Hope is faith holding out its hand in the dark.  -George Iles

Thursday, May 28, 2009

Put Together Your Fibromyalgia Treatment Plan

If you have the flu, spend a few days in bed, and you’ll likely feel better. Fibromyalgia is different. Symptoms are eased, never cured, and there is no one “remedy” that works for everyone. For these reasons, fibromyalgia patients should develop a personalized treatment plan to minimize flare-ups and the severity of symptoms.

Identify your symptoms
Widespread, chronic pain is a hallmark of fibromyalgia. It’s diagnosed by the presence of tenderness in 18 specific points of the body, with at least 11 of those 18 spots being abnormally tender, even when mildly touched. Fatigue, sleep, and memory and concentration problems (often called “fibro fog”) also are common symptoms of fibromyalgia. You might also experience restless legs syndrome, irritable bowel syndrome, painful menstruation, depression, dry eyes, anxiety or headaches. Make sure you work with your doctor to treat all of your ailments.

Find the right medications
To date, pregabalin (Lyrica), duloxetine (Cymbalta) and milnacipran (Savella) are the only medications approved by the U.S. Food and Drug Administration (FDA) to treat fibromyalgia pain. Tricyclic antidepressants often have been found to be the most efficacious medications for fibromyalgia, especially since sleep and fatigue problems respond well to some antidepressants. But other painkillers, from over-the-counter ibuprofen to prescription-only narcotics, also are prescribed.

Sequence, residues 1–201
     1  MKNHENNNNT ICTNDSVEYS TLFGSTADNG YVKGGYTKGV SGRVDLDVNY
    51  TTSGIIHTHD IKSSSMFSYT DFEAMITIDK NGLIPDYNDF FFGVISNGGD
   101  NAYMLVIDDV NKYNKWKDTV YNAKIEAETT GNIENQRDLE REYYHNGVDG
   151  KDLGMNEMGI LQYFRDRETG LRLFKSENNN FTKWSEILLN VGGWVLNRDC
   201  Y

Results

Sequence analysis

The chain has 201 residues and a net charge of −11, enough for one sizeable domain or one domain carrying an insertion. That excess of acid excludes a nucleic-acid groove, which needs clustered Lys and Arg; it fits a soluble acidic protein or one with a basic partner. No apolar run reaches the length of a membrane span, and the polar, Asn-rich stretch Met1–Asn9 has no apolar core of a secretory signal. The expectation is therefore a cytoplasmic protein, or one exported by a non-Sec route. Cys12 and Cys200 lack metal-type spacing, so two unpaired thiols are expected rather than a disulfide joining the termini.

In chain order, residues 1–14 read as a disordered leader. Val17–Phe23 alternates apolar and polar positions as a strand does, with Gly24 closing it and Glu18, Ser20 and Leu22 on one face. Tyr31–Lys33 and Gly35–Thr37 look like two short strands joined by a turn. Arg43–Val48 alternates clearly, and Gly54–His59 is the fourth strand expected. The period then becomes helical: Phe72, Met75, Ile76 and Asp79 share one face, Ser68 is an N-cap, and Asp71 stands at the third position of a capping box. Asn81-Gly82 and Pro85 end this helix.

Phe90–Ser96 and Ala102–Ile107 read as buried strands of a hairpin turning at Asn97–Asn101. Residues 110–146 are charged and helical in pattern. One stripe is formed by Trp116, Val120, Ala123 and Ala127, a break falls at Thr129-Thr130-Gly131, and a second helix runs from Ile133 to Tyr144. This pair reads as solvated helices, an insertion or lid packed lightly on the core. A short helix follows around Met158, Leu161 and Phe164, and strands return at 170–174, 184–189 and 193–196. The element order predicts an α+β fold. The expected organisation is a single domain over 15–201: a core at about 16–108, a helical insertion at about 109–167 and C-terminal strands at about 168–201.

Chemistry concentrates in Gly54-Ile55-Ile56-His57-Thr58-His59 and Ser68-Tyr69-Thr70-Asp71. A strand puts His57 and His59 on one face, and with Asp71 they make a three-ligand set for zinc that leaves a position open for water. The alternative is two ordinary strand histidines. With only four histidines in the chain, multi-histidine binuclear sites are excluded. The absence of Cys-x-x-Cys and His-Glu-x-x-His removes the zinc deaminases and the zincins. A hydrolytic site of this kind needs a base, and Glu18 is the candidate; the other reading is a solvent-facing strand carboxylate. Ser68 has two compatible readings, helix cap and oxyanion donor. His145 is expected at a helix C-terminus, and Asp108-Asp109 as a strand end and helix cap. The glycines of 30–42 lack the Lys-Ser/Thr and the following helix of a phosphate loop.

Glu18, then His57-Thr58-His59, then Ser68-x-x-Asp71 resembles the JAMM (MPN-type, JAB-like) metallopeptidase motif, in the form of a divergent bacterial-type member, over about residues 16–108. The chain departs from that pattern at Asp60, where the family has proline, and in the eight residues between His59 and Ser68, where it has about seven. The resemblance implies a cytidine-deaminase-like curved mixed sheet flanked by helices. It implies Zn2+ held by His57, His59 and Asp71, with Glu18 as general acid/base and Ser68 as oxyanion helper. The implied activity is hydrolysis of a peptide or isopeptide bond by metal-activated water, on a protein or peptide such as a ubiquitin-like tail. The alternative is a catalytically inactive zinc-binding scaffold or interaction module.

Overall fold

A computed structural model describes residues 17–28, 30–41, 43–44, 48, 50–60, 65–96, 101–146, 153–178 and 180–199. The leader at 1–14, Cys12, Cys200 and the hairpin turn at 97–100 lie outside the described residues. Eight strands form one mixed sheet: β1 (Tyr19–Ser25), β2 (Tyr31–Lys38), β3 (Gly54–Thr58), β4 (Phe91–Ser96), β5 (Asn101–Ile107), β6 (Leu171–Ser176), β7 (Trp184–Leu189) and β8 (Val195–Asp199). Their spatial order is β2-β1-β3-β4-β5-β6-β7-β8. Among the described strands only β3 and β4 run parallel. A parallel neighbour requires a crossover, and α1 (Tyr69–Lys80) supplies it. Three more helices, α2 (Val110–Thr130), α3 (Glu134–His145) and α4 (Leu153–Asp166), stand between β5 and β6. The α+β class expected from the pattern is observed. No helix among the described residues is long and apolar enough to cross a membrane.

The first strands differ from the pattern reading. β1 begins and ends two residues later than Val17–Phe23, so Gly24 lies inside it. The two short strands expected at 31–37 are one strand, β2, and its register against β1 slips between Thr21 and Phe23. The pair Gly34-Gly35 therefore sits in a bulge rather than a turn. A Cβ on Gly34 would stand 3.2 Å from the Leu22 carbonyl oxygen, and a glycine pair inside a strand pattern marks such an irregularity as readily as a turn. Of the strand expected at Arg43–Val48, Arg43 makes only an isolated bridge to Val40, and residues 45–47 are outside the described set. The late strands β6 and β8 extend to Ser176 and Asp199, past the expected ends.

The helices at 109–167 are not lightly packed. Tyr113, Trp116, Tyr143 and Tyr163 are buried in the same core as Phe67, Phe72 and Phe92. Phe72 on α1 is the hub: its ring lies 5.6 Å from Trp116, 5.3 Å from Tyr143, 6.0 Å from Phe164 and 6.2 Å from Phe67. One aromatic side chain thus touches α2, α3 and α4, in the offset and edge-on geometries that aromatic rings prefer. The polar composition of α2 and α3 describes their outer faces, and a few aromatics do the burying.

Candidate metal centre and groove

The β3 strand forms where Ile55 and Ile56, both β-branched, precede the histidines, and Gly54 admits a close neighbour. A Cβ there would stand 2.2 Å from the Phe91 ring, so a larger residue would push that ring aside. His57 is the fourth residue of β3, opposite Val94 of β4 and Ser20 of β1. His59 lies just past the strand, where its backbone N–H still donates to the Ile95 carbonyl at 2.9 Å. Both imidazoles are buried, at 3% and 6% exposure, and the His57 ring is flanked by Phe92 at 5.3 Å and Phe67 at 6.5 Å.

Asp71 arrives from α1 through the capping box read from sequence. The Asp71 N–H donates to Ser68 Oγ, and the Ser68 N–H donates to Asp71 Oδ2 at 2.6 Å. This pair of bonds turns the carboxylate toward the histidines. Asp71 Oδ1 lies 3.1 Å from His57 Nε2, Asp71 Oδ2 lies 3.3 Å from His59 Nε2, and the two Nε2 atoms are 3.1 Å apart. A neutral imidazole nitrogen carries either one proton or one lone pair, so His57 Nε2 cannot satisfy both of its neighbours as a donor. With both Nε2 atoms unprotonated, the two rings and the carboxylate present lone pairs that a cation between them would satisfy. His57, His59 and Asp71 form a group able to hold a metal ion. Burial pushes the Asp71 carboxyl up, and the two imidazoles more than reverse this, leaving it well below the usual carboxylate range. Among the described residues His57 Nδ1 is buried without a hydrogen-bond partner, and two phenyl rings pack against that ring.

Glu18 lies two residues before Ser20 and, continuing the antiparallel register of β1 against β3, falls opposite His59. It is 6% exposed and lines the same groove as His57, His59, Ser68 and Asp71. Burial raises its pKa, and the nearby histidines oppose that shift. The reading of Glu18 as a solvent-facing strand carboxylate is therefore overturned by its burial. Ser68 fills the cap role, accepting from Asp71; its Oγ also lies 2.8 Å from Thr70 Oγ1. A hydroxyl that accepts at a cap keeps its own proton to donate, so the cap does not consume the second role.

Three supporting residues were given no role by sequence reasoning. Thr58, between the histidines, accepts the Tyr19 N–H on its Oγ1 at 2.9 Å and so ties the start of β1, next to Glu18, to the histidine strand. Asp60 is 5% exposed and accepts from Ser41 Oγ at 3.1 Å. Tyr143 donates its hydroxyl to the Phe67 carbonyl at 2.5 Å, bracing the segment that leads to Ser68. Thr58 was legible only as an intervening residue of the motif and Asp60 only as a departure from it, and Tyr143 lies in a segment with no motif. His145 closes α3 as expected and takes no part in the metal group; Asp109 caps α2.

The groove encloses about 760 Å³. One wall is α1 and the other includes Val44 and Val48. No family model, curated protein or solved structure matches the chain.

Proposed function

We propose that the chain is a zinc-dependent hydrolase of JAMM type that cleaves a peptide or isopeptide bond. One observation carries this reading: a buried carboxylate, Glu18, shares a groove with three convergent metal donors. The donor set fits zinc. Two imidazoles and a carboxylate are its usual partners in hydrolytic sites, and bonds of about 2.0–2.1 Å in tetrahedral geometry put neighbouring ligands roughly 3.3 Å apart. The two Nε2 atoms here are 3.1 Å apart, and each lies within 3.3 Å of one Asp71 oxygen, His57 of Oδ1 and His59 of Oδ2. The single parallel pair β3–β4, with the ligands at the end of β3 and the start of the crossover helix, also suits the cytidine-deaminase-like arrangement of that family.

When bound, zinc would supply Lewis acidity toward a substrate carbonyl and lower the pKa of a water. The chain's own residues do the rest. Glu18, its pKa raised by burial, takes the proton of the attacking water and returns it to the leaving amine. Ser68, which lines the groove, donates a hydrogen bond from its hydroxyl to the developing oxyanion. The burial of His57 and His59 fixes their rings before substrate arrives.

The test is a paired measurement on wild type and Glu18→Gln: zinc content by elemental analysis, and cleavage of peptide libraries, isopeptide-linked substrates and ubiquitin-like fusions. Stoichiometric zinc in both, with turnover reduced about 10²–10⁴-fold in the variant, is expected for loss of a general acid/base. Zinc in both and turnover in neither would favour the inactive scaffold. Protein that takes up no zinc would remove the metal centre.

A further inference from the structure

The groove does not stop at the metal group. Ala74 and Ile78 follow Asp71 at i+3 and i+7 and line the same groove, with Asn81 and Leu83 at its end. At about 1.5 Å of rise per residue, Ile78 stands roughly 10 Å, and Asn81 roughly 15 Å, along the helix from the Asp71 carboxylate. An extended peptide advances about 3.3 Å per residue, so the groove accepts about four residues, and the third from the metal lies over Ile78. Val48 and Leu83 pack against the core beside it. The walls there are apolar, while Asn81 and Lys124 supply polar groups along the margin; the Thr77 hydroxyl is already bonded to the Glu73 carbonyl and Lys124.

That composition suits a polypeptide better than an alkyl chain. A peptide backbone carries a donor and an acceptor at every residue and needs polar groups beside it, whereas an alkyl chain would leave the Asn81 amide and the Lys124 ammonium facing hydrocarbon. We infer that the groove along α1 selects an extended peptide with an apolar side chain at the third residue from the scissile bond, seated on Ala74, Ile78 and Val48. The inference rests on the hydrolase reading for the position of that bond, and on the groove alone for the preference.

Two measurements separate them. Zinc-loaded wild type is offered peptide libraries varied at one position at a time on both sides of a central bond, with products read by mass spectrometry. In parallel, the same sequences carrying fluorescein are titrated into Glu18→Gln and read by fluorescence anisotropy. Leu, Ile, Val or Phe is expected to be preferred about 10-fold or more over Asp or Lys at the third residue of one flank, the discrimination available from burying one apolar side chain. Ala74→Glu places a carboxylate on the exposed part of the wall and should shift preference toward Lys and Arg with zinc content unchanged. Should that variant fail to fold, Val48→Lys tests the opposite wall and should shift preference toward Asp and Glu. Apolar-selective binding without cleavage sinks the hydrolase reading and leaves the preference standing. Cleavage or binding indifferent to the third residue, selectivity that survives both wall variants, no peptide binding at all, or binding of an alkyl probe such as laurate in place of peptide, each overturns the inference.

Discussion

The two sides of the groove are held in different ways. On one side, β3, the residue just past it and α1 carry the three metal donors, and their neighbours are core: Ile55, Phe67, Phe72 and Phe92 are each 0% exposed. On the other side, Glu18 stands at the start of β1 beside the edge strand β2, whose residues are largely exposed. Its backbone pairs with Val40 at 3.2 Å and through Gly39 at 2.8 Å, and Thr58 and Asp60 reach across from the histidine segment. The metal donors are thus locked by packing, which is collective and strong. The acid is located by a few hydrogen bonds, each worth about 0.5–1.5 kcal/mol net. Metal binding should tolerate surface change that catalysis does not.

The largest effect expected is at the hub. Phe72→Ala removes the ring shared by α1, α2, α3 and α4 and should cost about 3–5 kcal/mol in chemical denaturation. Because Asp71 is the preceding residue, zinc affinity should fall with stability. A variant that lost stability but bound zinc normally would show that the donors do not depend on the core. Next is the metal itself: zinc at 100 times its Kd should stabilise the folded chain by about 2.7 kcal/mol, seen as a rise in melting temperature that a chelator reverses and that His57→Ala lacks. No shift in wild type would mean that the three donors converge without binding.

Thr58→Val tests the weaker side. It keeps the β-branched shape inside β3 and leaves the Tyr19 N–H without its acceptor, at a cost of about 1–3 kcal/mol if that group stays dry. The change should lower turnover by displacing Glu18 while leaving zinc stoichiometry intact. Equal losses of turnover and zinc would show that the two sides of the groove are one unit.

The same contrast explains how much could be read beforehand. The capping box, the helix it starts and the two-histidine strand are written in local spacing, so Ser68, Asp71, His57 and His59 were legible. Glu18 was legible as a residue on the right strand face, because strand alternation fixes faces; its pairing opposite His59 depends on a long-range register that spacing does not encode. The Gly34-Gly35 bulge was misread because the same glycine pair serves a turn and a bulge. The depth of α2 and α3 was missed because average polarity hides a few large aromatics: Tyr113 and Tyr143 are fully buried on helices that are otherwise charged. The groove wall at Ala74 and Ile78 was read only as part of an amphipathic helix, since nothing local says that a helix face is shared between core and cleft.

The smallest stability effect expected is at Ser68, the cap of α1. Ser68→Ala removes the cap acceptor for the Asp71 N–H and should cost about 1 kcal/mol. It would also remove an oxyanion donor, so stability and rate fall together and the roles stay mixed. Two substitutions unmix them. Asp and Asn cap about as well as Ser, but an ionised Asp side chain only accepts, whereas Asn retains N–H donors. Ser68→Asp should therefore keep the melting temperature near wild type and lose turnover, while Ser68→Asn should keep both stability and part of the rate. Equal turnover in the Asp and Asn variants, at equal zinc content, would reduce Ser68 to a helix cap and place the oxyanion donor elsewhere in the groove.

Talk to your doctor about what will give you the greatest relief with the fewest side effects. Because there are so many medications to choose from, you may need to use trial and error to help determine which is best for you. If antidepressants don’t work, you may need to incorporate sleep aids or muscle relaxants into your treatment plan.

Explore alternative treatments
For many people, massage and acupuncture, as well as Pilates, tai chi, chiropractic treatment, and various dietary supplements, can provide relief. You also may find it helpful to work with a physician who incorporates complementary medicine into his or her practice.

Make healthy changes
Stress reduction, a healthy diet and regular exercise can reduce fibromyalgia flare-ups, so lifestyle changes should be a part of your treatment plan. Sleep also is crucial for managing symptoms. Devising a treatment plan will require coordinating with your primary care doctor and/or a rheumatologist, physical therapist, naturopathic physician (if you use one) and other health professionals. Make sure everyone on your health care team is aware of your plan, and consult your doctor before making adjustments.

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